In the 2006 State of the Union Address, President George W. Bush proposed the Advanced Energy Initiative to reduce U.S. dependence on foreign oil through accelerated development of domestic, renewable alternatives to gasoline and diesel fuels. A goal of the initiative was to make ethanol derived from cellulosic biomass (crop residues, fast-growing trees and grasses) cost competitive with grain ethanol by 2012. Transportation fuels derived from cellulose - the fibrous material of plants - offer an attractive alternative as an abundant, domestic and renewable resource.
The U.S. Department of Energy identified switchgrass as a model cellulosic crop because it combined more attributes desirable for bioenergy production than other grasses. Among these attributes, switchgrass was a seeded, perennial grass native throughout North America. It was widely distributed and productive across a wide geographical range.
In research at Ardmore, we have found biomass yields of switchgrass (cultivar "Alamo") to average 6.5 tons per acre. Multilocation experiments were initiated in 2007 to evaluate the response of switchgrass to nitrogen, phosphorous and potassium fertilization rates, and biomass harvesting. Data is limited or sometimes nonexistent on biomass yields of other perennial grasses for bioenergy production in Oklahoma.
A number of perennial grasses can be produced in Oklahoma that may provide substantial net benefits to the national goal of making cellulosic ethanol cost competitive. These grasses include, among others, giant reed, weeping lovegrass, miscanthus, Indiangrass, big bluestem, bermudagrass and Johnsongrass. In some trials conducted in Europe and North America, biomass yields of miscanthus have averaged 10 tons per acre compared to 5 tons per acre for switchgrass. Research in Alabama has reported biomass yields of giant reed to reach 15 tons per acre. Giant reed frequently can be found growing as an ornamental in residential neighborhoods in Oklahoma. Indiangrass and big bluestem, in addition to switchgrass, are tall, perennial grasses native to Oklahoma. They are characteristic of productive rangelands. Weeping lovegrass is a perennial, warm-season grass adapted to Oklahoma that grows particularly well on sandy soils.
A number of concerns exist while evaluating any of these grasses as a bioenergy feedstock. First and foremost, the grasses will have to produce a lot of biomass at a low cost. Large biomass yields are necessary to reduce transportation distances and improve the economy of scale for a biorefinery. A second concern is their nitrogen fertilizer and water use efficiencies. As nitrogen fertilizer costs continue to rise and water supplies increasingly become limited, it will be important that these feedstocks produce biomass with less water and nitrogen. Third, establishment costs need to be low. Switchgrass has an advantage because seed is generally available. We have found establishment costs of switchgrass to range from $75 to $150 per acre. A disadvantage of miscanthus and giant reed is that they must be propagated vegetatively. Planting of root, rhizome and stem cuttings to achieve stands has been estimated to increase establishment costs to $350 to $500 per acre.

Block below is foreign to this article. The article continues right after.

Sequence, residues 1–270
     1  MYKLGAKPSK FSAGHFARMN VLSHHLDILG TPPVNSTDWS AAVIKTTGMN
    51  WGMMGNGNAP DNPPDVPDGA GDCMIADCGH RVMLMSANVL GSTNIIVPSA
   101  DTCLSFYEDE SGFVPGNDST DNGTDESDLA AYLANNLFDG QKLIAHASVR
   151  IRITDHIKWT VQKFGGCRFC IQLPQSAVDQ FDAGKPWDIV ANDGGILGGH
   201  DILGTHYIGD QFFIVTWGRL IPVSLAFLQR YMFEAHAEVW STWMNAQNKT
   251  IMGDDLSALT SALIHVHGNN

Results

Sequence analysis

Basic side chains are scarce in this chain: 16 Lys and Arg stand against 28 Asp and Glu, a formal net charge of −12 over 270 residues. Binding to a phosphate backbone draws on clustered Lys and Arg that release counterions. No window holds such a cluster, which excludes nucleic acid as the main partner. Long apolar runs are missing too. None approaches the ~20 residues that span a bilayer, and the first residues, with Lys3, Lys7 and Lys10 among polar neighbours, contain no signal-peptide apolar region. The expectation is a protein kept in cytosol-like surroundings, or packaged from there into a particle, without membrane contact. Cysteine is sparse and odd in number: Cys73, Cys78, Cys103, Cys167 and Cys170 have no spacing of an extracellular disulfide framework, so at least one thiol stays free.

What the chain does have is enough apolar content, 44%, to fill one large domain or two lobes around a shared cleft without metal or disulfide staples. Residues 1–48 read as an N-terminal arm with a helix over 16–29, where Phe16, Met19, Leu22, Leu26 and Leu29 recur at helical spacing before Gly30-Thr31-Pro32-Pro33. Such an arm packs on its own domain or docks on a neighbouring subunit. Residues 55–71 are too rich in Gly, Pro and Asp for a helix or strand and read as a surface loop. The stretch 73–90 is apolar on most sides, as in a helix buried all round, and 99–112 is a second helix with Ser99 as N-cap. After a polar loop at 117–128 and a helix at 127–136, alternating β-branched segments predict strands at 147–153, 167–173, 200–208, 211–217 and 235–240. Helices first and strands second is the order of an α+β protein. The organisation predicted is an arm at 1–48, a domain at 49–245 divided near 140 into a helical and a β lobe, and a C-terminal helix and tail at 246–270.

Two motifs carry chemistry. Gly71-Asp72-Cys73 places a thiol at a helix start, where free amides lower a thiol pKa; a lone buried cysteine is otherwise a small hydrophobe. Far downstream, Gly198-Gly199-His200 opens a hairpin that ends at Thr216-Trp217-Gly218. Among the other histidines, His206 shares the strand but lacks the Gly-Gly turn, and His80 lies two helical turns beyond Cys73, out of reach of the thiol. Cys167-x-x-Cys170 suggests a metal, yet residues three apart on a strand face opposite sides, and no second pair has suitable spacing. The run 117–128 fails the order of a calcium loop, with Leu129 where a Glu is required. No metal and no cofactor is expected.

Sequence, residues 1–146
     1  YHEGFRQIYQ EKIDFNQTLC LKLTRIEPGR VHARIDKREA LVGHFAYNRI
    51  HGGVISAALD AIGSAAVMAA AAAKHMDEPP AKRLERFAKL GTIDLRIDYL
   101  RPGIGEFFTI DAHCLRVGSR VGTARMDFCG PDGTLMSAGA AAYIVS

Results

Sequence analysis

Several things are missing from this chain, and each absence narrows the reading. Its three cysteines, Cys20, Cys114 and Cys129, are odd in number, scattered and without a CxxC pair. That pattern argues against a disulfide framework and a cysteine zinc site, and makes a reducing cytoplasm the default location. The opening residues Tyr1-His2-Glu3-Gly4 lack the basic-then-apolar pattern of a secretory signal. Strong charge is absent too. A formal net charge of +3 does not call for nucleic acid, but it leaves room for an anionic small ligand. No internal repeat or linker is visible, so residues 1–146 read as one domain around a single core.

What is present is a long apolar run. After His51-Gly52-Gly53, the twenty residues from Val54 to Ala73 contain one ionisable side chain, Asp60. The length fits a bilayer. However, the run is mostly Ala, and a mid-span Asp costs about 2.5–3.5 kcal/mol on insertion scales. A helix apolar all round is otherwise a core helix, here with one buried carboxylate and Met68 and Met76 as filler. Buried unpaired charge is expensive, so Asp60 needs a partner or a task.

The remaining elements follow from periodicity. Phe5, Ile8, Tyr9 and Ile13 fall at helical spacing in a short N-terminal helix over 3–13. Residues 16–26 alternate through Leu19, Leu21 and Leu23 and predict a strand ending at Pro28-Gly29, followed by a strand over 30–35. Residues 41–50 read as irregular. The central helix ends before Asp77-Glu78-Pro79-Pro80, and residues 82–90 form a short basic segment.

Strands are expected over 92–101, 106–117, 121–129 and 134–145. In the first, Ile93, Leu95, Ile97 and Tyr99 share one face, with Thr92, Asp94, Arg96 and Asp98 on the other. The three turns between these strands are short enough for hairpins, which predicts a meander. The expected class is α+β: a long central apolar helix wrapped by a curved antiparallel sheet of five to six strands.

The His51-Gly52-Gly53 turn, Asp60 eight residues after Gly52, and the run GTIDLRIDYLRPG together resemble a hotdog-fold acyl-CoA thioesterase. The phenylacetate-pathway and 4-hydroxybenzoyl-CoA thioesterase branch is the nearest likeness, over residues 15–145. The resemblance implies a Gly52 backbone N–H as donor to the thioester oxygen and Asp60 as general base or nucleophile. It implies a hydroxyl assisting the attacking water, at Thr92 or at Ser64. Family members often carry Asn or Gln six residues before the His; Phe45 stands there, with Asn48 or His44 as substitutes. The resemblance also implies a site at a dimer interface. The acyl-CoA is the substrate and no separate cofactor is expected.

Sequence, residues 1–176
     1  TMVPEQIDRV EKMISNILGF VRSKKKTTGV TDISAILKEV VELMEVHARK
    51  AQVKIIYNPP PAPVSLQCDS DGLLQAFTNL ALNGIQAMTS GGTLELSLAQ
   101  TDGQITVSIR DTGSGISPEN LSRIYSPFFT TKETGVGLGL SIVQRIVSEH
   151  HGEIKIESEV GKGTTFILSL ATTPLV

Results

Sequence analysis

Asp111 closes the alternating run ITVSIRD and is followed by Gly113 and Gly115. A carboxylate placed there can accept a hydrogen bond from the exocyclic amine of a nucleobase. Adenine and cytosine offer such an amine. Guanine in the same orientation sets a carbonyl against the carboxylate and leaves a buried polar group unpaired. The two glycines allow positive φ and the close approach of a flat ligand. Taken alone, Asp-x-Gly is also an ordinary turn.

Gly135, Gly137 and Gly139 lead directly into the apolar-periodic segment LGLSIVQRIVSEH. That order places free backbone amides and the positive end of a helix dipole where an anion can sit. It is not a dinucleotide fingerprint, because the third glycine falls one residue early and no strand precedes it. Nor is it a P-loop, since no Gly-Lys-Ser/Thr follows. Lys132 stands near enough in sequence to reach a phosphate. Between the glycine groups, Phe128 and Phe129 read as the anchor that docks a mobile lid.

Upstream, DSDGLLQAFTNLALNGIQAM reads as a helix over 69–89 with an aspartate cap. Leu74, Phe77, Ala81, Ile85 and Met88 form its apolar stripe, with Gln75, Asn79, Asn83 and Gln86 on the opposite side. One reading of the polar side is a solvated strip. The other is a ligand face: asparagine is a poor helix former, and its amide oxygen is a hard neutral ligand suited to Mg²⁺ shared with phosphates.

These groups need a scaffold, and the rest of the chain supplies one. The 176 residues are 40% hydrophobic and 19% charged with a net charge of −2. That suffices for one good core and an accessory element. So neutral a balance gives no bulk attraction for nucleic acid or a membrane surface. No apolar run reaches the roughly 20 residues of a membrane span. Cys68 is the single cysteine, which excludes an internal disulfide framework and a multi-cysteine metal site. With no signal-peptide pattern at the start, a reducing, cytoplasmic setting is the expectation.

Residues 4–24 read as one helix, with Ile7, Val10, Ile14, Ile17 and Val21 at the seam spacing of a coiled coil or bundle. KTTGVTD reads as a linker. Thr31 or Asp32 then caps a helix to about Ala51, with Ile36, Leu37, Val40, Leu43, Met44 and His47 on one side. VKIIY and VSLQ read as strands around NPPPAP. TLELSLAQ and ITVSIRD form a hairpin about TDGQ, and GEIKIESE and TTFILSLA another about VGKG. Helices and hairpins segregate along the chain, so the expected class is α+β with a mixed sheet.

Additional concerns with these grasses are their invasiveness and resistance to pests. Johnsongrass is commonly considered a weed. Some have expressed concerns about miscanthus and giant reed escaping managed croplands to become weeds in natural lands. Another concern that exists with any of the grasses is their resistance to disease and other pest outbreaks when planted as a monoculture crop. Being clones and having less genetic diversity, miscanthus and giant reed may be susceptible to increased risk from disease and insect pressures.
Stay tuned. The Noble Research Institute will be initiating research in 2008 to evaluate some of these alternative perennial grasses as bioenergy feedstocks.